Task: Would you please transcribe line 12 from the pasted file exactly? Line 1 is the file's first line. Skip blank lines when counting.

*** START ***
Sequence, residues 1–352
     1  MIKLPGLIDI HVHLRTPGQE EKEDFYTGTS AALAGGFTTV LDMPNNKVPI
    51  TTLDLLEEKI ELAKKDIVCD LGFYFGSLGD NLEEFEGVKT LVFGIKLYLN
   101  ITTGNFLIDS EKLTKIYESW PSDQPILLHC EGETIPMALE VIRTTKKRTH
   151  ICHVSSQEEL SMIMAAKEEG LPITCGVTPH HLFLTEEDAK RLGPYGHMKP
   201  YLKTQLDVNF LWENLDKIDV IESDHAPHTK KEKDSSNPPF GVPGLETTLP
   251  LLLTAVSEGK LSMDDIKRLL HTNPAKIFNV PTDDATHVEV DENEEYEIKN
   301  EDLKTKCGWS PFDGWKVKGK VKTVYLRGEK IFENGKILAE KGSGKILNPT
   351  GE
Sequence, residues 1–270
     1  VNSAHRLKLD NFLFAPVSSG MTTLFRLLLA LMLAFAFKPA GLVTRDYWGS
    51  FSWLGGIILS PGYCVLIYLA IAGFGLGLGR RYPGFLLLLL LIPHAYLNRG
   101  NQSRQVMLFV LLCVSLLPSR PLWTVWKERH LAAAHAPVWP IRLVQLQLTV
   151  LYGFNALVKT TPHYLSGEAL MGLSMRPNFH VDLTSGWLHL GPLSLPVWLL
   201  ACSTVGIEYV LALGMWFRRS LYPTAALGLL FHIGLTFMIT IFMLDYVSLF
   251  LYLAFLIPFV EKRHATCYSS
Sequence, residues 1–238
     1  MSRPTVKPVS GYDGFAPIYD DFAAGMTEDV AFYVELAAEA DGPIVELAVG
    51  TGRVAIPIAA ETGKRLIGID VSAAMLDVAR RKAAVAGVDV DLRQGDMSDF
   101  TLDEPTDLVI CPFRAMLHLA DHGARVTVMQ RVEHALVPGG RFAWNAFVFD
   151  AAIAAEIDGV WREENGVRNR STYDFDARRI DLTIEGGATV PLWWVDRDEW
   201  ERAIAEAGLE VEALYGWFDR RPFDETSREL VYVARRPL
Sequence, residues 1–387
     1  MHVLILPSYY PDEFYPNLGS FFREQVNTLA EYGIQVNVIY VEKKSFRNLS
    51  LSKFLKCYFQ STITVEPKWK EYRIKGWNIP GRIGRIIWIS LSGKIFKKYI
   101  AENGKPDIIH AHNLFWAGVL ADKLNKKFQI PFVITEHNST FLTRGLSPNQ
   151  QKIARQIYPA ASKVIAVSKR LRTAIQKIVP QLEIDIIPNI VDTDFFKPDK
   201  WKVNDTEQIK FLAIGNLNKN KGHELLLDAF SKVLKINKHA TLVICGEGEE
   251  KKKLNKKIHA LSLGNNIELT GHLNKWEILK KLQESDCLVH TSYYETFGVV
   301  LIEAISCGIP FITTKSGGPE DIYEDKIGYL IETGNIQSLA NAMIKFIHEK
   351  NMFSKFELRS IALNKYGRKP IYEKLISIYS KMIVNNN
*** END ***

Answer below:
    51  FSWLGGIILS PGYCVLIYLA IAGFGLGLGR RYPGFLLLLL LIPHAYLNRG